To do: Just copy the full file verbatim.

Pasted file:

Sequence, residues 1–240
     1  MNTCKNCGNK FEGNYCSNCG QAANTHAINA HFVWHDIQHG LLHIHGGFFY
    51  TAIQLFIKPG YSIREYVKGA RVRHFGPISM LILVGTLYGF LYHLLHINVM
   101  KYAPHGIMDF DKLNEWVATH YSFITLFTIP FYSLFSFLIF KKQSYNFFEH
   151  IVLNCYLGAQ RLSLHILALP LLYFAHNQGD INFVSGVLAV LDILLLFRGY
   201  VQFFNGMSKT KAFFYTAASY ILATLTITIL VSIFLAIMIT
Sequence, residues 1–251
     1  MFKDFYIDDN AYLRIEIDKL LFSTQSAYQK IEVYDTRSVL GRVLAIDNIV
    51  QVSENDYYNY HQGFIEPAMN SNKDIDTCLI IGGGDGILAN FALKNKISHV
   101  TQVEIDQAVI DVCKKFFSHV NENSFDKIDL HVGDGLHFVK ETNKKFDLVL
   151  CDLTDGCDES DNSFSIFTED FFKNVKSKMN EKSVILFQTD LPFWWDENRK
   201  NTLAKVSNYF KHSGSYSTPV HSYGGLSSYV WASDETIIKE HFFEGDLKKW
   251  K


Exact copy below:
Sequence, residues 1–240
     1  MNTCKNCGNK FEGNYCSNCG QAANTHAINA HFVWHDIQHG LLHIHGGFFY
    51  TAIQLFIKPG YSIREYVKGA RVRHFGPISM LILVGTLYGF LYHLLHINVM
   101  KYAPHGIMDF DKLNEWVATH YSFITLFTIP FYSLFSFLIF KKQSYNFFEH
   151  IVLNCYLGAQ RLSLHILALP LLYFAHNQGD INFVSGVLAV LDILLLFRGY
   201  VQFFNGMSKT KAFFYTAASY ILATLTITIL VSIFLAIMIT
Sequence, residues 1–251
     1  MFKDFYIDDN AYLRIEIDKL LFSTQSAYQK IEVYDTRSVL GRVLAIDNIV
    51  QVSENDYYNY HQGFIEPAMN SNKDIDTCLI IGGGDGILAN FALKNKISHV
   101  TQVEIDQAVI DVCKKFFSHV NENSFDKIDL HVGDGLHFVK ETNKKFDLVL
   151  CDLTDGCDES DNSFSIFTED FFKNVKSKMN EKSVILFQTD LPFWWDENRK
   201  NTLAKVSNYF KHSGSYSTPV HSYGGLSSYV WASDETIIKE HFFEGDLKKW
   251  K